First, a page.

It's the first punishment for a bank's CEO since the 2008 financial crisis.
The CEO of Wells Fargo has been handed down a sort of financial sentencing for his part in the cross-selling scandal in what Elizabeth Warren referred to as the need for accountability and responsibility.
The massive bank was caught opening more than two million fake accounts on behalf of existing customers to inflate their sales figures and pitched these figures to investors and analysts to raise their share prices. Since CEO John Stumpf has 6.75 million shares in Wells Fargo, he personally profited from this scam as the share prices increased.
While questioning Stumpf in a hearing with the Senate Banking Committee, Senator Elizabeth Warren revealed that since the share price went up $30 during the time that this scam was going on, Stumpf personally pocketed more than $200 million just from this increase.
Wells Fargo announced on Tuesday that the CEO will forfeit $41 million in unvested stock, give up his $2.8 million salary for a time, and receive no bonus for this year. This is a mere slap on the wrist because Stumpf was not forced to resign nor was he fired for his part in the scandal, and he did not have to pay back his salary or bonuses for the years he was involved.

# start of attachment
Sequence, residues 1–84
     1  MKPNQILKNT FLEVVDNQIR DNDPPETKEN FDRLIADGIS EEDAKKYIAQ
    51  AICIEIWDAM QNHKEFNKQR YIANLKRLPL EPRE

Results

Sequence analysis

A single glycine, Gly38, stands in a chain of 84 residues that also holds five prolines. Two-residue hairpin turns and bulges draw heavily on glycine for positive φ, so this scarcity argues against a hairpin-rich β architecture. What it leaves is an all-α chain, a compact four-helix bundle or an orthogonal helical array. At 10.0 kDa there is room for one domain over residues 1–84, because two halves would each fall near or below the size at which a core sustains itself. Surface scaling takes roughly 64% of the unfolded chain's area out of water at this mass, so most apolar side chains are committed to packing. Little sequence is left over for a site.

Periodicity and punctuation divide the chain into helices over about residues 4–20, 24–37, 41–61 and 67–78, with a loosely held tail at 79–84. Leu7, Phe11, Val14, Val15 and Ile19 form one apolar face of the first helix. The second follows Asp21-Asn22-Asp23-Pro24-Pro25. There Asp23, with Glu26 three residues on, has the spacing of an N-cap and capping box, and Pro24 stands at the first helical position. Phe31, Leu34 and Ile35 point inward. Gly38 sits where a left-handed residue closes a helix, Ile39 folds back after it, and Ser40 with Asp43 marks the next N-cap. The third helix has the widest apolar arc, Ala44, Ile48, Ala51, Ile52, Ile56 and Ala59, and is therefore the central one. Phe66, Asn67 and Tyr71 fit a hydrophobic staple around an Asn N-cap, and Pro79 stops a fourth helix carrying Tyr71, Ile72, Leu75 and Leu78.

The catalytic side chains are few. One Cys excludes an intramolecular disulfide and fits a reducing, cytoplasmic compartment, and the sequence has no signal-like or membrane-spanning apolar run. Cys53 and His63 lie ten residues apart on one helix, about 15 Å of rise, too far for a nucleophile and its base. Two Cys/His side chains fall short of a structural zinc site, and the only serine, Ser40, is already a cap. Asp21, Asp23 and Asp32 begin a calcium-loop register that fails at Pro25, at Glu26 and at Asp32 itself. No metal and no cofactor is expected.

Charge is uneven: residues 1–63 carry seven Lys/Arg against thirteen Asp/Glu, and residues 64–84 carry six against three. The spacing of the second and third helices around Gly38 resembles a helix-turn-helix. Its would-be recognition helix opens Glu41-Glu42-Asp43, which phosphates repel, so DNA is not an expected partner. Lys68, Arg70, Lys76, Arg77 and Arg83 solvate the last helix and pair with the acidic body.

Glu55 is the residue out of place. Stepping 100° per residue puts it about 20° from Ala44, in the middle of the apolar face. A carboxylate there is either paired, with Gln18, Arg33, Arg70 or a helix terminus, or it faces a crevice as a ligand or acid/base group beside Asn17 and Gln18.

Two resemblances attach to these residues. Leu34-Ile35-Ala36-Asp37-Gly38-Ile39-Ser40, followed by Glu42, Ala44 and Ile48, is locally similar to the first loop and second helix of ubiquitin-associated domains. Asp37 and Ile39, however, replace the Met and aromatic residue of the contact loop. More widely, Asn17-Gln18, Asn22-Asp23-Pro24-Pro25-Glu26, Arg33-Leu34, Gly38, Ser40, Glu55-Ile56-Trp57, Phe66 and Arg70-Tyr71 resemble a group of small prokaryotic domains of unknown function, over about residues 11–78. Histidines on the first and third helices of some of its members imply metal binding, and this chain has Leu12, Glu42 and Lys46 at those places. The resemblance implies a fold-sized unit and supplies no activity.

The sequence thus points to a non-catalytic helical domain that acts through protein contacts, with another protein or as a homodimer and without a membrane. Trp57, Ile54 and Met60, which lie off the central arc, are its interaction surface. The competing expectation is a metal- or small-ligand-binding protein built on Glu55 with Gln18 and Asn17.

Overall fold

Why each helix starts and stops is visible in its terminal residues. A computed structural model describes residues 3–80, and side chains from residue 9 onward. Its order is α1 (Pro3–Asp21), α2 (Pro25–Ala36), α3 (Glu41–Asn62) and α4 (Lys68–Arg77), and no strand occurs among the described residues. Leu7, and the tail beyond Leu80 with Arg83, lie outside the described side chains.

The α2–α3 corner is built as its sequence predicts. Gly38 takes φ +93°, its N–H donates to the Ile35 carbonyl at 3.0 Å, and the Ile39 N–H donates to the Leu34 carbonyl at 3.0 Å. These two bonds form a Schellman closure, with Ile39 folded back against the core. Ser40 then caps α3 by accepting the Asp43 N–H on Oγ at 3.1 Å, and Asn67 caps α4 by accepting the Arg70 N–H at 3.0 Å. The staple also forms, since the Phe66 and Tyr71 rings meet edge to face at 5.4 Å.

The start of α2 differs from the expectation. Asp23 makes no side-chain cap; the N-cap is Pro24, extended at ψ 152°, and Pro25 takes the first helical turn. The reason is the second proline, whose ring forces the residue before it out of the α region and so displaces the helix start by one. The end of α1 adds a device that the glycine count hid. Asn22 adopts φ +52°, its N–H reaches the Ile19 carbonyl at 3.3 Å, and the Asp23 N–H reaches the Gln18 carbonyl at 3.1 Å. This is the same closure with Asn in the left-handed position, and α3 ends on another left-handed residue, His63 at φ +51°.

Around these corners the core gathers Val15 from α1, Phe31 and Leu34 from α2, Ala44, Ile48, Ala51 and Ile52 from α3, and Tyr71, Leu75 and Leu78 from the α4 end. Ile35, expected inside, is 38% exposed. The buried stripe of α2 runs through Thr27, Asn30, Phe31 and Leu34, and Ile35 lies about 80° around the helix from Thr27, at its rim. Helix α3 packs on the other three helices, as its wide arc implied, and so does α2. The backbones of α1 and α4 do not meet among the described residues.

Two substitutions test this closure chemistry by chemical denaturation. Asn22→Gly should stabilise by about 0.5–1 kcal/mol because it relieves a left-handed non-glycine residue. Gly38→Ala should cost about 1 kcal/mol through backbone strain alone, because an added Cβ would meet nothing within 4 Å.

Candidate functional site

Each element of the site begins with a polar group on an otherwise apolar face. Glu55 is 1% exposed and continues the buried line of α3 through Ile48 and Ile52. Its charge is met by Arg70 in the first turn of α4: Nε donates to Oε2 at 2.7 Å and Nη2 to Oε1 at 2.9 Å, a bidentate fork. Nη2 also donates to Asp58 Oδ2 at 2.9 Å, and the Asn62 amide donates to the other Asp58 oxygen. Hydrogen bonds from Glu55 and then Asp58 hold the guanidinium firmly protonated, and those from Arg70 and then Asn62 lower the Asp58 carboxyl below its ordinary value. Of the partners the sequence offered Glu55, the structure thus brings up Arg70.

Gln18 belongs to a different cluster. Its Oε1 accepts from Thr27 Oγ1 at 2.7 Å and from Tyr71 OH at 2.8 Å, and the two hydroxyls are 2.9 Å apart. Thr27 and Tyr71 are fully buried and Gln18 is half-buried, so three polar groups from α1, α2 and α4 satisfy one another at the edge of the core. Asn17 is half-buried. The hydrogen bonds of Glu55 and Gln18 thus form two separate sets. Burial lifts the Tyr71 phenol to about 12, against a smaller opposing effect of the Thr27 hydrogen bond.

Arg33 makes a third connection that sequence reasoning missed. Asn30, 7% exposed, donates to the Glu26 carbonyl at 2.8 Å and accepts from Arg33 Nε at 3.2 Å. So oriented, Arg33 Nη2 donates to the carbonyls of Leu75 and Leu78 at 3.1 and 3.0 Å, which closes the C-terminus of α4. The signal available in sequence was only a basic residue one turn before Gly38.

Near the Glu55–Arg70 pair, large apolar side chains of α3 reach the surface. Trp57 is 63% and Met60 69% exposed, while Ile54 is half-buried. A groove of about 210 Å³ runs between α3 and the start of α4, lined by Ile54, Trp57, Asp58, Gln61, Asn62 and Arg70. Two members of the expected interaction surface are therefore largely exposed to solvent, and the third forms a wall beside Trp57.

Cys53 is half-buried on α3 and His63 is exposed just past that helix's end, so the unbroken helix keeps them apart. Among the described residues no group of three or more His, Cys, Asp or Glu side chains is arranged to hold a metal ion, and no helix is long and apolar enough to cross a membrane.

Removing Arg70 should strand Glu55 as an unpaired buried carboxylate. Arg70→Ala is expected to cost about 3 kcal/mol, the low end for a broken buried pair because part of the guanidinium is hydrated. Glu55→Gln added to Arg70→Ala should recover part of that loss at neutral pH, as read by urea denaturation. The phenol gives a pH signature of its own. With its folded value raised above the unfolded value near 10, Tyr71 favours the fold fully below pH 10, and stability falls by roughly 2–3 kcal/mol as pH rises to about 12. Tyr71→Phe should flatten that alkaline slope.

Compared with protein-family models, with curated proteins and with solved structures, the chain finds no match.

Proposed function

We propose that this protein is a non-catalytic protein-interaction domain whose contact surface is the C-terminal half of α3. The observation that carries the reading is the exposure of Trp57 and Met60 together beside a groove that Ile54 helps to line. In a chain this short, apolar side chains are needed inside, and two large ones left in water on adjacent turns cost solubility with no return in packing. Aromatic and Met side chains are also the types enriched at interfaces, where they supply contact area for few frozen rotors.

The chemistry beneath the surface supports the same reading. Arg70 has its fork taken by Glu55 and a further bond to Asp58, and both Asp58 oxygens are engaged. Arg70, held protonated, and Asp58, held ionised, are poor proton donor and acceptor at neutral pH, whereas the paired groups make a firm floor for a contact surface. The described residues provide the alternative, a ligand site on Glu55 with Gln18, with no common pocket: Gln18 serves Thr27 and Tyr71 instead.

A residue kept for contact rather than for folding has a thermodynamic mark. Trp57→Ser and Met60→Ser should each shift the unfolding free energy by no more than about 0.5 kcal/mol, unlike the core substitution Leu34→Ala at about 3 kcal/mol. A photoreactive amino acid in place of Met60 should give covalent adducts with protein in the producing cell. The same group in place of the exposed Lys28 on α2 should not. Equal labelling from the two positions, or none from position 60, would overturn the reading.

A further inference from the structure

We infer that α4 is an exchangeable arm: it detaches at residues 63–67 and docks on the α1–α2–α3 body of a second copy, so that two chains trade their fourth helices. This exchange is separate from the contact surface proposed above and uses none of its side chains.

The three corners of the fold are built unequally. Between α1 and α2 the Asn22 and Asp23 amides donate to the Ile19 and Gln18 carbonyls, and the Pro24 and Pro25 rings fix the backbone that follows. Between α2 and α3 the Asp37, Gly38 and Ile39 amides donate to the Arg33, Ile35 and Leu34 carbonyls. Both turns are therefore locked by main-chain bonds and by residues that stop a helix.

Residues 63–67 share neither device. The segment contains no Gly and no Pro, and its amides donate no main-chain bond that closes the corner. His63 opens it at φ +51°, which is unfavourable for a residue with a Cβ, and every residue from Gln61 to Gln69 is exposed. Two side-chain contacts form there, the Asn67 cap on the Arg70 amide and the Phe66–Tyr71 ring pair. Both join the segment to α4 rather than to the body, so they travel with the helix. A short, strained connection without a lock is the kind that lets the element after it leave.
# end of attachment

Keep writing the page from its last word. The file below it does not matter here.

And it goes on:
In comparison, 5,300 low-level employees were fired for their involvement in cross-selling by convincing customers to purchase additional, unnecessary bank accounts in order to boost their own numbers. These low-level employees were working under the instruction of the community banking division, run by Carrie Tolstedt, who mysteriously retired at the early age of 56, just before she was to come under fire for her role in the scam.
Warren pointed out in the hearing that had Tolstedt been fired before she was able to retire – since Stumpf admitted to knowing about the scandal prior to her leaving, she would have lost up to $45 million of her award in stocks.
The point being made by the Senator is that thousands of employees simply following orders from people high up in the company were terminated but the people actually giving the orders and conducting the scam walked away with millions of dollars and little to no punishment.
Stumpf’s personal wrist-slap may be small, but it’s certainly a step in the right direction. If America wants banks to stop taking advantage of consumers while top executives line their own pockets, it’s time to hold banks accountable by sentencing them to jail.
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